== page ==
A recent report by Public & Commercial Services (PCS) union launched at the Labour Party conference in Manchester, revealed that tax evasion in the UK is almost four times HMRCs’ estimates and is rising.
In direct contradiction to the taxman’s figures, tax expert – Richard Murphy of Civil Servants Union, says that HMRC’s figures are shockingly out of line and the overall amount has barely reduced since 2008, despite government pledges to clamp it down.
The study authored by Mr Murphy and titled, ‘The tax gap: tax evasion in 2014 – and what can be done about it’, suggests the cost of tax evasion to the UK economy to have spiralled to more than £82 billion last year.
Mr Murphy, in his report, reappraised the UK tax system and argued that the total tax gap – including tax debt (owed tax), avoidance (dodging tax within the law) and evasion (illegal tax avoidance) – is skyrocketing upwards of £119 billion, and if left unchecked is set to rise to £100 billion by 2018/19.
The report indicates that the amount of outstanding debt has fallen in recent years but the growing trend of HMRC writing off debts as irrecoverable has led to an increase in evasion. In 2013/14 the estimate of tax debt was £18.2bn.
One thing that could explain the rise in tax evasion could be the level of staffing cuts to HMRC. In 2005, the department had 92,000 staff. It has now less than 62,000 and by 2016 it is expected to have around 52,000. To further its cause, HMRC has announced that in June, 2015 a further 23 offices would close.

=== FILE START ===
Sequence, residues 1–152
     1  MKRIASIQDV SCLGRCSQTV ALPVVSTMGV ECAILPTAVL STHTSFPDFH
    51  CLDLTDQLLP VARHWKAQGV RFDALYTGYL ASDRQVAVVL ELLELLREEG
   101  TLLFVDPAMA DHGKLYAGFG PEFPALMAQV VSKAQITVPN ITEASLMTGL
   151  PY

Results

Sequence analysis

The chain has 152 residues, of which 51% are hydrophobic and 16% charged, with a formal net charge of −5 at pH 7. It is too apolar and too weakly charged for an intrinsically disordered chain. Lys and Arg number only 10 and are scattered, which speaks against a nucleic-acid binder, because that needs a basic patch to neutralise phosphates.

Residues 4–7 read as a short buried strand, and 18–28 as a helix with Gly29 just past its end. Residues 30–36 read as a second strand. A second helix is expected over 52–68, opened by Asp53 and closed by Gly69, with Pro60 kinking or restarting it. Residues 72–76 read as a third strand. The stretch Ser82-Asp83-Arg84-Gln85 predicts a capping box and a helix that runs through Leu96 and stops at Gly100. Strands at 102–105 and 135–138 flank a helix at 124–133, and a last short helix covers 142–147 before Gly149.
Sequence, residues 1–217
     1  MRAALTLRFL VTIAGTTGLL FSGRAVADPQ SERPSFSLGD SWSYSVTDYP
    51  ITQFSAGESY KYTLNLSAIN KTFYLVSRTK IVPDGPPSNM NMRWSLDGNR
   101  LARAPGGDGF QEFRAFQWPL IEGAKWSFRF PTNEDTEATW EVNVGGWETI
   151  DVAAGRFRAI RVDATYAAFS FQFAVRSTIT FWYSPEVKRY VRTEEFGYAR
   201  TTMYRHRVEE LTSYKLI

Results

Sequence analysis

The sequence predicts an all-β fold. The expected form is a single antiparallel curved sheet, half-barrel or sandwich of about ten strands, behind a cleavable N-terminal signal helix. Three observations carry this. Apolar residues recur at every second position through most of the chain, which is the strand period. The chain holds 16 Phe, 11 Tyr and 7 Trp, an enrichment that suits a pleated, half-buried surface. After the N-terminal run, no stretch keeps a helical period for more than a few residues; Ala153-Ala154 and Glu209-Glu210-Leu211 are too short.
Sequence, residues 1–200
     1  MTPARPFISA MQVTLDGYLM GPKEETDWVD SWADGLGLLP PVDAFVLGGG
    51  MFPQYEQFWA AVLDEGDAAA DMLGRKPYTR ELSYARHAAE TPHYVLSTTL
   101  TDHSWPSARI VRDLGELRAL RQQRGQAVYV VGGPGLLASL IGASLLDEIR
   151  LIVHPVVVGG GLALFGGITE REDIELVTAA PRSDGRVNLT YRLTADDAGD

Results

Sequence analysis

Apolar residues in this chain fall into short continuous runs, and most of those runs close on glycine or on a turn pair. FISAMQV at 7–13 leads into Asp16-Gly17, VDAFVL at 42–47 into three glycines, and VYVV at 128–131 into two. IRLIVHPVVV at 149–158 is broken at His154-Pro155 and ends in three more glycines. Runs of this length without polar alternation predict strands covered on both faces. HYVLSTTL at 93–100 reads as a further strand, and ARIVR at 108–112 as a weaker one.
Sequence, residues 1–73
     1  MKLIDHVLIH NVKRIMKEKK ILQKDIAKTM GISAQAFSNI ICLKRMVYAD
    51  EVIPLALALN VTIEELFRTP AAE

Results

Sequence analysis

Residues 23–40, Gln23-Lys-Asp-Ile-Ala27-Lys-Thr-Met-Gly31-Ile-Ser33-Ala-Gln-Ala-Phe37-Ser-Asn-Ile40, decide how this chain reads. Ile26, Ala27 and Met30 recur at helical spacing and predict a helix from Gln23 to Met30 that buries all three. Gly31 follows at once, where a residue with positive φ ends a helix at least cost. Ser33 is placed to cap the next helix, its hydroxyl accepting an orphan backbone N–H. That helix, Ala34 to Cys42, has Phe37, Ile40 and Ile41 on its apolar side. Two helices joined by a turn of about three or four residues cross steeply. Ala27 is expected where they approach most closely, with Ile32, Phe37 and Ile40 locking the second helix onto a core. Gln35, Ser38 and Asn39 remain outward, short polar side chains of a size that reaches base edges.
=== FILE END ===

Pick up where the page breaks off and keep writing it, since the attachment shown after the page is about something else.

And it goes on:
Mark Serwotka, general secretary of the PCS, said:
“While politicians of all parties are falling over each other to claim there is less money around, this important report reveals why and how we can tackle it.
“Collecting even a fraction of these stolen billions would change the debate about public spending overnight and allow much-needed investment in our communities instead of more damaging cuts.”
Commenting in the report, Richard Murphy said:
“To take this issue seriously, and instead of investing heavily in defending its own inadequate tax gap methodology (as it has done over the last few years), it is time for HMRC to sit down and talk about how its estimates can be improved to take into account the very real, and logical, criticisms I make.
“We need considerably more investment in HMRC if we are to have the fair and just tax system we need in this country that ensures that everyone pays the right amount of tax, in the right place, at the right rate and at the right time, which should be HMRC’s goal if it is to not just to collect tax but play its full part in building a tax system that is the foundation of a fair market economy where everyone competes on a level playing field as a well as a fair society where the tax system delivers social justice, not least through redistribution of income and wealth.”